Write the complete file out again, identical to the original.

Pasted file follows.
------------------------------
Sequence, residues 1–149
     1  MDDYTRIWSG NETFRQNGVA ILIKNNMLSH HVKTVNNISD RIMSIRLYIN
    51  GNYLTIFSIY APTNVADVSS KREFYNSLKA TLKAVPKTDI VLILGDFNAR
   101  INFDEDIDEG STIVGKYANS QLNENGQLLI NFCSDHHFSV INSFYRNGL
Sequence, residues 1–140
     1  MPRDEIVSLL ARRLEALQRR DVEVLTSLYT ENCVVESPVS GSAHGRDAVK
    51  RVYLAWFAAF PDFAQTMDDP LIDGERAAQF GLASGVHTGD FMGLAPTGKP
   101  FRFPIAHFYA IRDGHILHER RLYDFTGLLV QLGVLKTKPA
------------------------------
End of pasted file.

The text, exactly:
Sequence, residues 1–149
     1  MDDYTRIWSG NETFRQNGVA ILIKNNMLSH HVKTVNNISD RIMSIRLYIN
    51  GNYLTIFSIY APTNVADVSS KREFYNSLKA TLKAVPKTDI VLILGDFNAR
   101  INFDEDIDEG STIVGKYANS QLNENGQLLI NFCSDHHFSV INSFYRNGL
Sequence, residues 1–140
     1  MPRDEIVSLL ARRLEALQRR DVEVLTSLYT ENCVVESPVS GSAHGRDAVK
    51  RVYLAWFAAF PDFAQTMDDP LIDGERAAQF GLASGVHTGD FMGLAPTGKP
   101  FRFPIAHFYA IRDGHILHER RLYDFTGLLV QLGVLKTKPA